Oh man, the Thomas Bernhard quote in the afterword is kind of amazing. Bernhard sure had opinions about things, and wasn’t afraid to share them. Here’s a snippet: “To print and bind over 3,000 pages of mindless proletarian trash with all the bombast of a centenary event belongs, quite frankly, in the record books: as a world record of stupidity.”
Damn! Before moving on, does The Weight of Things look all crazy like that image above?
Oh, no. In terms of layout, it looks like a normal novel. Here’s the opening paragraph of the first section, which is entitled “Wilhelmine Is Not Berta”:
Of all the events of 1945, there was one Wilhelmine recalled with particularly painful clarity. Wilhelm had hung the necklace with the tiny Madonna around Berta’s neck, not hers. This although Berta’s belly clearly demonstrated that she, unlike Wilhelmine, was no longer a chaste young woman. For her own sake—and for Berta’s!—she ought to have spoken her mind. Maybe Berta had been good enough for Rudolf, but she certainly was never right for Wilhelm!
Speaking of those section titles, some of these are really great: “A Man, A Word, and Then You’re Lost,” ““Wilhelm, The Smiler, Discovers to His Relief that He Is an Average Citizen,” and “Duty Is Duty, Schnapps Is Schnapps” are three good examples.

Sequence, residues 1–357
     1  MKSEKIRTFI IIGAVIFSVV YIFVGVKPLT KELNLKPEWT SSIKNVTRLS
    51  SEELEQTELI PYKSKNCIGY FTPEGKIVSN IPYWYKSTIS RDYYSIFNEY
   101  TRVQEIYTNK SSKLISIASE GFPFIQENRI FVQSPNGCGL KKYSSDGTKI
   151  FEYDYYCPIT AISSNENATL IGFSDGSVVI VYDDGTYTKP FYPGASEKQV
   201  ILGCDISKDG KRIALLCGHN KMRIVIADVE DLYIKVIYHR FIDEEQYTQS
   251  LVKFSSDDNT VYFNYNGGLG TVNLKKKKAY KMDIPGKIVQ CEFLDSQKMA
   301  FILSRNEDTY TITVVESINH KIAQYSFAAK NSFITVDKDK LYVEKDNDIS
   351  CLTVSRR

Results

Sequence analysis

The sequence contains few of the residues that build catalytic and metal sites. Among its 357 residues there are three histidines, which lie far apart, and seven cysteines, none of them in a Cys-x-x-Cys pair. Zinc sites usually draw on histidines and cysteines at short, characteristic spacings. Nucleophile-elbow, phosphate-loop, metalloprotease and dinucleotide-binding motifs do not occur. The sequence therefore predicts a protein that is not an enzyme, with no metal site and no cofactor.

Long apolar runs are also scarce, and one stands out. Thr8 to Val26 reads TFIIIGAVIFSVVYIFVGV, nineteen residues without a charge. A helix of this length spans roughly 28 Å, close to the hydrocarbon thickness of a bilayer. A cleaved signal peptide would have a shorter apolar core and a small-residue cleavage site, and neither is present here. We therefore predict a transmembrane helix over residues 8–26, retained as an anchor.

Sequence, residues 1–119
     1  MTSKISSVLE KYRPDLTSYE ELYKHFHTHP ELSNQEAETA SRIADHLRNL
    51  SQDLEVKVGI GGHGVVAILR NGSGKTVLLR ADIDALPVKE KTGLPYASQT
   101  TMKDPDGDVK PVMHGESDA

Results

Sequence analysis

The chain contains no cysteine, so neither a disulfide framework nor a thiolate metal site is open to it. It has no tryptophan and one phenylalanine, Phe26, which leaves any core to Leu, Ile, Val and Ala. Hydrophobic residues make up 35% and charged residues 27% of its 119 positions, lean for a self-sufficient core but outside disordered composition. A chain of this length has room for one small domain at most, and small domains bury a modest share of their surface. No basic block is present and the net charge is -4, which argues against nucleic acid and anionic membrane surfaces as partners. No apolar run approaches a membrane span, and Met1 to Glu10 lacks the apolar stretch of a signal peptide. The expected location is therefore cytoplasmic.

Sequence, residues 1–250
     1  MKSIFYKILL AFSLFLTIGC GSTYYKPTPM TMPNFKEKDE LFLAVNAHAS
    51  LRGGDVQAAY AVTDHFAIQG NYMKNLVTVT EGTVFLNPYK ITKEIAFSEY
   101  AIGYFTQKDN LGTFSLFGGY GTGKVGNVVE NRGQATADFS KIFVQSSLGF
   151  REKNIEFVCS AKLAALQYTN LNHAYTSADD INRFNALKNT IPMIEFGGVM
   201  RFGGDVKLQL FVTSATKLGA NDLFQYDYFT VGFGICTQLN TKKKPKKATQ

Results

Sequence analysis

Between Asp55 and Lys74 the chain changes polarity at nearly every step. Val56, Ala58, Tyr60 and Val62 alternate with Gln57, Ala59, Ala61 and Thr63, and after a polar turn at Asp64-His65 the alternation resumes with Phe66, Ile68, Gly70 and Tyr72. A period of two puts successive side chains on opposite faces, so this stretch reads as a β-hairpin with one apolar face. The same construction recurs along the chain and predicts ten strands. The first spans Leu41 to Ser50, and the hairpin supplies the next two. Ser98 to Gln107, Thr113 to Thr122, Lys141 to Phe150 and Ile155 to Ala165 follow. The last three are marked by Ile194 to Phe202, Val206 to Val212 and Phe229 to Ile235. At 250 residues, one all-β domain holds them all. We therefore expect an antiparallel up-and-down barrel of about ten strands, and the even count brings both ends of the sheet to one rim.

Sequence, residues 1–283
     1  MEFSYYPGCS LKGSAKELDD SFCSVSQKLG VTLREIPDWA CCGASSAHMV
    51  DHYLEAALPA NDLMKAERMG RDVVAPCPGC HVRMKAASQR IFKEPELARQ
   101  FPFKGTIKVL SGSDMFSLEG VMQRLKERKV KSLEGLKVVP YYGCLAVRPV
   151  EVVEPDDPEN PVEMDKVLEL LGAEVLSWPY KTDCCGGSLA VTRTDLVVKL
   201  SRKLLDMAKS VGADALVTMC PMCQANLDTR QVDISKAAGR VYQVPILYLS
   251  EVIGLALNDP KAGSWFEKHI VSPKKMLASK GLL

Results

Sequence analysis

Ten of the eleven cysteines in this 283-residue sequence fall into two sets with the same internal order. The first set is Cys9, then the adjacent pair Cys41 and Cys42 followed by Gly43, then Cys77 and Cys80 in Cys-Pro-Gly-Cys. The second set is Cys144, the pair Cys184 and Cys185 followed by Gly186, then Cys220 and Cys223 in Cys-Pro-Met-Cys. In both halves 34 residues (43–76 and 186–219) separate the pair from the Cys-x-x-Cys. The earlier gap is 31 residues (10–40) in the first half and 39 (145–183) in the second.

Those are intriguing. Anything else we should know before starting the book?
I guess there are some general plot points worth mentioning. It takes place between 1945 and 1963 and focuses on Bertha who, as we can see above, is pregnant at the start of the novel.
Are there any online resources worth pointing out?
Yes! The Paris Review ran an article by Adrian Nathan West about Fritz and translating this book, and Kate Zambreno interviewed him for The Believer. If you’re someone who likes to read reviews before starting a book, you can find a slew of them from the official Dorothy website page.